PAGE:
Quotes of the Day:

State Senator Jose Rodriguez (D) El Paso

“Today’s decision to block Texas’ voter ID law will ensure that the voices of Hispanic voters across El Paso, West Texas, and our state, will not be ignored as a result of highly partisan attempts to deny them the right to vote. The Department of Justice sent a clear message that it will not tolerate a law which infringes on the constitutional rights of Texas minorities, especially the millions of Hispanics in our state.

“Once again, despite several requests for evidence to the contrary, state leaders were unable to prove that the voter id law would not adversely impact minority voters.  As the Department of Justice’s analysis shows, Hispanic registered voters, in particular, are less likely to have photo identification or the ability to acquire photo identification because of obstacles, such as the lack of transportation.  This is why I voted against passage of the law.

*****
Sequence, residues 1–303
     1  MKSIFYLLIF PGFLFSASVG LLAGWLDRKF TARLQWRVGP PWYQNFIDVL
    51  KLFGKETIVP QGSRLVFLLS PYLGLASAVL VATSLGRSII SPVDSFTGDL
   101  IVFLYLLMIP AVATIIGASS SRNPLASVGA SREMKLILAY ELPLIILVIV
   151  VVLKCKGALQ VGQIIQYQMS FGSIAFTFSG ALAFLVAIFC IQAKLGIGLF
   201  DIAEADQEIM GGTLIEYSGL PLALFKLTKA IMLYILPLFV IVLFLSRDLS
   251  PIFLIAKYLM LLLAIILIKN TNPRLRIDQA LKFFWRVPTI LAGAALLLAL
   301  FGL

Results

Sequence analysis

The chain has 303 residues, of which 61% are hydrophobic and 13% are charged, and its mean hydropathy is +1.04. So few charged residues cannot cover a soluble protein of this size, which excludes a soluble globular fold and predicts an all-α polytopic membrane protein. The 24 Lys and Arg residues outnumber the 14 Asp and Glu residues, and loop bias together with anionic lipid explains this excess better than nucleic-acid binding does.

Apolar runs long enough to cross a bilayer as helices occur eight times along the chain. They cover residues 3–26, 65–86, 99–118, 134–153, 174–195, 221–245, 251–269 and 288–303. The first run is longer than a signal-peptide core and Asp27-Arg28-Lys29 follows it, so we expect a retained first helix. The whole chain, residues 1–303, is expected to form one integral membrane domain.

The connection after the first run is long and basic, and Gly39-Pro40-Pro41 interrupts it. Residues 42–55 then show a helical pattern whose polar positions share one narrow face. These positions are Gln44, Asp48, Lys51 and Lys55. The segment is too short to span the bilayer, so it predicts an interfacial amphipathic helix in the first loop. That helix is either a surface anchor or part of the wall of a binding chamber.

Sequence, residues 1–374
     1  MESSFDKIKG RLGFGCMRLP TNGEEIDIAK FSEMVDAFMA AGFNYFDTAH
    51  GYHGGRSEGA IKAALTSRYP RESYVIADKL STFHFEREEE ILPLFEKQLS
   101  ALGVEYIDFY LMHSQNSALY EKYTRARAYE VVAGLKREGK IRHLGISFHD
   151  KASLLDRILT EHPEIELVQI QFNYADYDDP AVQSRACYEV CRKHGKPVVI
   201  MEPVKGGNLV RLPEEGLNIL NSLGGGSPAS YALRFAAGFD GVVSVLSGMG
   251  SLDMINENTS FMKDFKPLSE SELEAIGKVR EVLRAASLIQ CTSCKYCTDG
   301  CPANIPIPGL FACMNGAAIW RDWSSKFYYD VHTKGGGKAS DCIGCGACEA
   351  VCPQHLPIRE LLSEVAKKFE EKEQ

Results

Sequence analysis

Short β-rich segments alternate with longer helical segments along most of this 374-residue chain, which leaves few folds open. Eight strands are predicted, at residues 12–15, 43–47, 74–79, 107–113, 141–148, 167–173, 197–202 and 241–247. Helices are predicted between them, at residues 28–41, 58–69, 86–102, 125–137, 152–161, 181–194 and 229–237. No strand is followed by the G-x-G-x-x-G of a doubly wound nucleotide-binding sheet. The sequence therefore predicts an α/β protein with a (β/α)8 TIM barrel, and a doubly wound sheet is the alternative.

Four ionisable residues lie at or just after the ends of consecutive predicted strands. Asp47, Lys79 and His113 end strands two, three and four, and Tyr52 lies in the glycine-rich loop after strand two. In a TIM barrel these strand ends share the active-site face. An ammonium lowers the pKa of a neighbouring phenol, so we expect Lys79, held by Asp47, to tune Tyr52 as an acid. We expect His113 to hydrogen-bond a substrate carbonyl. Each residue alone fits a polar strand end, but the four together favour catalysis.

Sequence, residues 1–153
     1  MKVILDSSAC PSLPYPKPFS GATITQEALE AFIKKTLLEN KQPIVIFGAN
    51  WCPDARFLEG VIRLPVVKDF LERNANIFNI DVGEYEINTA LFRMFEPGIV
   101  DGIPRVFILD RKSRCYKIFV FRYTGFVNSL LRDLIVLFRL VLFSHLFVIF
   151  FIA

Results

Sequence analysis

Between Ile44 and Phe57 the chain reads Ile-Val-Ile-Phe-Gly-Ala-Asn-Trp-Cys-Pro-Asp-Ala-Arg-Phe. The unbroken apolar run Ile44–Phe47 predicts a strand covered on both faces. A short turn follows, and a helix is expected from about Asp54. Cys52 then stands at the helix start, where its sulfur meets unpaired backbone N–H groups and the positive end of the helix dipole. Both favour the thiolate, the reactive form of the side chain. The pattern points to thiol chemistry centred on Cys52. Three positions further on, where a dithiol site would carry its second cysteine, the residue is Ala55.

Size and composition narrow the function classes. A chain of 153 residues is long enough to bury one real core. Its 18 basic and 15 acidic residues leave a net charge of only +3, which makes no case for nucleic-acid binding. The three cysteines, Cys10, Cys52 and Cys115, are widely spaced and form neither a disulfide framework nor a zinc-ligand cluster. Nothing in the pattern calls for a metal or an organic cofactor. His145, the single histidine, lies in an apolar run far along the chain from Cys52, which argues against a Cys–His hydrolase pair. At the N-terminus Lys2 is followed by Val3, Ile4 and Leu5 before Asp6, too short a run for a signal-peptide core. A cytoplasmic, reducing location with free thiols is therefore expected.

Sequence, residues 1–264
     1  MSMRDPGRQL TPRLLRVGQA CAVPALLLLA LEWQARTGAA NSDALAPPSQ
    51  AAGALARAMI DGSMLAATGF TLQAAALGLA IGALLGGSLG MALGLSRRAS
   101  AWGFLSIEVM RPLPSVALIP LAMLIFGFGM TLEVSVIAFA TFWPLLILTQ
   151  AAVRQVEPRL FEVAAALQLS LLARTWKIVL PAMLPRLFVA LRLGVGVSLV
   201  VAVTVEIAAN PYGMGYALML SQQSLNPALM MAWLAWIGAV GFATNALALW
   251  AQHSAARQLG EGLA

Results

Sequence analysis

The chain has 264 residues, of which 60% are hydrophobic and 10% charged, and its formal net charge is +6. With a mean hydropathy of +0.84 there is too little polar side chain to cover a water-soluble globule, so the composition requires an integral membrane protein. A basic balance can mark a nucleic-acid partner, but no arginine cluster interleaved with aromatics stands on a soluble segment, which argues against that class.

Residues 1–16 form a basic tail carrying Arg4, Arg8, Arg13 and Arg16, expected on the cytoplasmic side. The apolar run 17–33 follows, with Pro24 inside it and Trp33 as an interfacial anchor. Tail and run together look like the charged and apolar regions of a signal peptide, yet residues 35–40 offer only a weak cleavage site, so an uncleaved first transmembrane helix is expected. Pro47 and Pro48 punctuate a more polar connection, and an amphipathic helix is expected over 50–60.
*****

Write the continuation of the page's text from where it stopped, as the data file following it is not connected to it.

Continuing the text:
Texas Senator Rodney Ellis (D) Houston

“There are more UFO and Bigfoot sightings than documented cases of voter impersonation,” said Ellis. “After years of testimony and debate, supporters of Texas’ voter ID law still cannot prove their case that voter impersonation is even a minor problem in Texas.  We, unfortunately, have plenty of evidence that it will disenfranchise legal student, elderly, African American and Hispanic voters.  The Department of Justice saw that evidence and made the right decision.”

More to come, I’m sure.

Librotraficantes Launches Trip at Casa Ramirez

An energetic crowd turned out to support Tony Diaz and his Librotraficante crew this morning at Casa Ramirez Folk Art Gallery, a popular Heights storefront for culture and literature. The caravan takes with them a payload of contraband books to Arizona while creating various Underground Libraries throughout the Southwest.